MIT researchers Joy Buolamwini, Deborah Raji, Stanford’s Timnit Gebru, and others, have as part of a team dedicated remarkable efforts to the demo testing of the Artificial Intelligence (AI) in facial recognition software and the synthesis of its data output. Their exhaustive study of bias in AI concluded that Amazon’s facial recognition software Rekognition, a software being sold to law enforcement and also used for retail security surveillance, exhibits significant gender and racial bias for gender classification. In Joy’s MIT thesis titled “Gender Shades: Intersectional Accuracy Disparities in Commercial Gender Classification“, the team’s findings concluded that this racial and gender bias in surveillance AI adversely affects women and minority groups who are then subject to increased surveillance, searches, interrogations, and potential loss of liberties. Writer and CNET News reporter Alfred Ng wrote of the software that lack of standards to prevent abuse and AI bias could “get you banned from places you’ve never been” (, as store security is free to share their biased data about you across a vast network.

So next time you are browsing in a Whole Foods Market or a Target and you find yourself being stalked while Black by store security, please do think about the below findings and whether or not you are comfortable with this:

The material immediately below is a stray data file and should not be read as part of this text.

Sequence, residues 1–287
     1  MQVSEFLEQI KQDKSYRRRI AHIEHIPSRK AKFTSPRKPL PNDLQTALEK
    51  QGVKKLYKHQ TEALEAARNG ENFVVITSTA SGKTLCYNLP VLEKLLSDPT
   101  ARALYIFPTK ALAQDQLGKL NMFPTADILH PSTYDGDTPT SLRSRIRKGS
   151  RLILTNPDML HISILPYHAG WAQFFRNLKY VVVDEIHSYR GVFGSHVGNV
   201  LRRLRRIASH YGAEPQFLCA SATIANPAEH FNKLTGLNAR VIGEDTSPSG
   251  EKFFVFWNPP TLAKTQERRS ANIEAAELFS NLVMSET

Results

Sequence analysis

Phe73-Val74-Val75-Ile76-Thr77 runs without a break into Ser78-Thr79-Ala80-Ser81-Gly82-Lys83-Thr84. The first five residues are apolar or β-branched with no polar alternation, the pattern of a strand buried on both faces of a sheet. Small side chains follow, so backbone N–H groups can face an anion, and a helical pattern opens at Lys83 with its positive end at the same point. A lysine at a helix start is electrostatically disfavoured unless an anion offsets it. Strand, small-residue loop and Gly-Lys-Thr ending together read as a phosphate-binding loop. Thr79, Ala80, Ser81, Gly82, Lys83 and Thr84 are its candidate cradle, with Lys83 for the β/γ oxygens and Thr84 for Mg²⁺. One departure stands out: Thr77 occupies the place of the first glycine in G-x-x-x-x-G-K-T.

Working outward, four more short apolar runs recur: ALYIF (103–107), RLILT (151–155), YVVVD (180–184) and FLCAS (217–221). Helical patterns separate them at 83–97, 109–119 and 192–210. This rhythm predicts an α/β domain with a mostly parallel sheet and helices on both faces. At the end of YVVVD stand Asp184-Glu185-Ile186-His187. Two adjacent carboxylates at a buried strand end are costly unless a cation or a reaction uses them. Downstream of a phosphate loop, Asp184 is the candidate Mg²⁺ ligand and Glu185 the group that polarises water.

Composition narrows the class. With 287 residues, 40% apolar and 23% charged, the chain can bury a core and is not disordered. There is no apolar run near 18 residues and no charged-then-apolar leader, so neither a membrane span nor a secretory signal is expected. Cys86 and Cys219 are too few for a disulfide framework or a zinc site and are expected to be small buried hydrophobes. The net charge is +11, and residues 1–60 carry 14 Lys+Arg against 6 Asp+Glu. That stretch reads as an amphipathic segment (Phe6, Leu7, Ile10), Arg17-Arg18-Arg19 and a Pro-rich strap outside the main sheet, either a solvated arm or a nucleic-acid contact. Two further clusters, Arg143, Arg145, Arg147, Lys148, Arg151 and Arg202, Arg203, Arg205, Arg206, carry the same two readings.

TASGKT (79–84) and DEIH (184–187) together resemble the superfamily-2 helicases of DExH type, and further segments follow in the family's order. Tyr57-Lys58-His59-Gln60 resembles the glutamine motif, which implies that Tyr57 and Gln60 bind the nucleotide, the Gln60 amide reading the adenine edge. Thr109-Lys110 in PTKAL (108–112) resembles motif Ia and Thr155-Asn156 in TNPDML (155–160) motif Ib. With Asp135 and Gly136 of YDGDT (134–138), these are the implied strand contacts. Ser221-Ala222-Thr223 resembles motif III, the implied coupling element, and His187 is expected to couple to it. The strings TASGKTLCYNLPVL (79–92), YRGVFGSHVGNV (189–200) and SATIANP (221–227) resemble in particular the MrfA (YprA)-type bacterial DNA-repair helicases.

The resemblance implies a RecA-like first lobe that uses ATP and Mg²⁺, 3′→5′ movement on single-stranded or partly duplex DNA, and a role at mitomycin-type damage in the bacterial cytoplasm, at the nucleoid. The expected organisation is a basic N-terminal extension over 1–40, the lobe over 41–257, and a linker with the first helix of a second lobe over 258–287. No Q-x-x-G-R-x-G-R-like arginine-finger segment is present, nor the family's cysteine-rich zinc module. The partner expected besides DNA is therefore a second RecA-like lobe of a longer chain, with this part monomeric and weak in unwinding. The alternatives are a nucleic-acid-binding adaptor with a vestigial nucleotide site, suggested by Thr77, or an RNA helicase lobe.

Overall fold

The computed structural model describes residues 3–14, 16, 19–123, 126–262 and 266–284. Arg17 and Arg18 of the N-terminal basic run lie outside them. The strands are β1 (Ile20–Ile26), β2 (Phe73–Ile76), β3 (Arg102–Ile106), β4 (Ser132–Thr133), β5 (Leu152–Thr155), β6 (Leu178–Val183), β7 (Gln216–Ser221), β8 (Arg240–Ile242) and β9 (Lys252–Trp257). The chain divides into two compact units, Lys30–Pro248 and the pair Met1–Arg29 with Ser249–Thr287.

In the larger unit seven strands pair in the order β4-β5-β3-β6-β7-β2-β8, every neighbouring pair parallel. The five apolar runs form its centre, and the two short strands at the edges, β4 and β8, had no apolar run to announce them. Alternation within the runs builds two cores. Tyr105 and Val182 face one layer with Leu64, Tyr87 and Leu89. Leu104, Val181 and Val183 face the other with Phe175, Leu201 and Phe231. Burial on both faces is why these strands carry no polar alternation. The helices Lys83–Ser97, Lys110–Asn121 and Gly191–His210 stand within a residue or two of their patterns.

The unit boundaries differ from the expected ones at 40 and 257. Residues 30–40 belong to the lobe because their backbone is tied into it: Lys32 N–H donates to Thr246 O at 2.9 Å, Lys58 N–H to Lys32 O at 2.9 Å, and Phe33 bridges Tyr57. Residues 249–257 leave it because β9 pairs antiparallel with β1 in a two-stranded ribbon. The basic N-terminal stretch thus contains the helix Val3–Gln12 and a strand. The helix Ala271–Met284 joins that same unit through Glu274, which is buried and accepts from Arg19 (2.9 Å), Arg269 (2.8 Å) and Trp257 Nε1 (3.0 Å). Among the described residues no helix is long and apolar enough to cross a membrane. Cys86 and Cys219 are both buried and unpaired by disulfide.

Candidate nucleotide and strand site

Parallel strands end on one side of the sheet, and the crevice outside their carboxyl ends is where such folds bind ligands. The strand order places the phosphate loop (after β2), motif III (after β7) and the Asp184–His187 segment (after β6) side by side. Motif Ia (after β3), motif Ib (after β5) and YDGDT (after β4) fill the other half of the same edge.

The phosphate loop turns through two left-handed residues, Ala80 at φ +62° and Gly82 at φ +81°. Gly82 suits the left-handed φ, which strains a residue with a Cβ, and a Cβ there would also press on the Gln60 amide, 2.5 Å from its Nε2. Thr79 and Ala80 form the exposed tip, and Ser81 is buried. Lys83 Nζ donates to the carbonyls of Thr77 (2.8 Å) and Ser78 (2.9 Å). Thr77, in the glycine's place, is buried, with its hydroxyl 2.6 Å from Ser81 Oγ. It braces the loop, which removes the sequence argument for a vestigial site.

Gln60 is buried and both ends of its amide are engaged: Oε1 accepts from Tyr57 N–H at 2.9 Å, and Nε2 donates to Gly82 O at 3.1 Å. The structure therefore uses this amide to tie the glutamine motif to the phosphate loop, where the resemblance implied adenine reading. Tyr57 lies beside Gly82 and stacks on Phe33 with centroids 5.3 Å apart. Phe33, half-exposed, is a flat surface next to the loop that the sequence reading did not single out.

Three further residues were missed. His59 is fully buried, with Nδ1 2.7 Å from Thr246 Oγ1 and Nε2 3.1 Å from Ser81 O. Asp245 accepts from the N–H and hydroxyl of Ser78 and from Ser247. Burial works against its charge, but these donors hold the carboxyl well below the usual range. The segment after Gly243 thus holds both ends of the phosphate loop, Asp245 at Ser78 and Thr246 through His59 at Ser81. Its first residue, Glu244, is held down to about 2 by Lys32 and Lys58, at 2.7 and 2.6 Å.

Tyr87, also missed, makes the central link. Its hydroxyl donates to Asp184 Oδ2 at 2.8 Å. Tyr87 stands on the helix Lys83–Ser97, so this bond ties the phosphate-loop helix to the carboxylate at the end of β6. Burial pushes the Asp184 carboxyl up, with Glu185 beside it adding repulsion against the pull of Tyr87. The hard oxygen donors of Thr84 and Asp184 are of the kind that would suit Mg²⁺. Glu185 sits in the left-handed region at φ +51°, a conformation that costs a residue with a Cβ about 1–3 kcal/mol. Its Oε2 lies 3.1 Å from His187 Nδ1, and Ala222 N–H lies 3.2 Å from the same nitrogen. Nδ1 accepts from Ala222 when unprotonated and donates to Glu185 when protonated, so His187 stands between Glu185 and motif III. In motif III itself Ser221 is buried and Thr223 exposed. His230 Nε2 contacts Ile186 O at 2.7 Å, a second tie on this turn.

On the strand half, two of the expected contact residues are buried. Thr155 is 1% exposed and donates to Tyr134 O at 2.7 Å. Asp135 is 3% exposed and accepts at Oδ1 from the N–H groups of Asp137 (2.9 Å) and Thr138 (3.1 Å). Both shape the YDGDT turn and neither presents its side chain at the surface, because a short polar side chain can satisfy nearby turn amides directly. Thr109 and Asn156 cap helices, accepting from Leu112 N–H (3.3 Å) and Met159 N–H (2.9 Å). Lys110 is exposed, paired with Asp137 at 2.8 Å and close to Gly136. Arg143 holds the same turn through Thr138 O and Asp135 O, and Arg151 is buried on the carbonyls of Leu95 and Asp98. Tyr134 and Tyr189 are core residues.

“…An error in the output of a face recognition algorithm used as [a deciding factor in surveillance] can have serious consequences. For example, someone could be wrongfully accused of a crime based on erroneous but confident misidentification of the perpetrator from security video footage analysis.”

Screen capture of actual data output using the face of TV personality Oprah Winfrey
Amazon Rekognition software demo (Source: “Ain’t I A Woman”)

“In other contexts, a demographic group that is underrepresented in benchmark datasets can nonetheless be subjected to frequent targeting…False positives and unwarranted searches pose a threat to civil liberties. Some face recognition systems have been shown to misidentify people of color, women, and young people at high rates (Klare et al., 2012).”

Screen capture of actual data output using the face of Civil Rights activist Ida B. Wells
Amazon Rekognition software demo (Source: “Ain’t I A Woman”)

“Past research has also shown that the accuracies of face recognition systems used by US-based law enforcement are systematically lower for people labeled female, Black, or between the ages of 18-30 than for other demographic cohorts (Klare et al., 2012). The latest gender classification report from the National Institute for Standards and Technology (NIST) also shows that algorithms [that the] NIST evaluated performed worse for female-labeled faces than male-labeled faces.” (source: Gender Shades: Intersectional Accuracy Disparities in Commercial Gender Classification)

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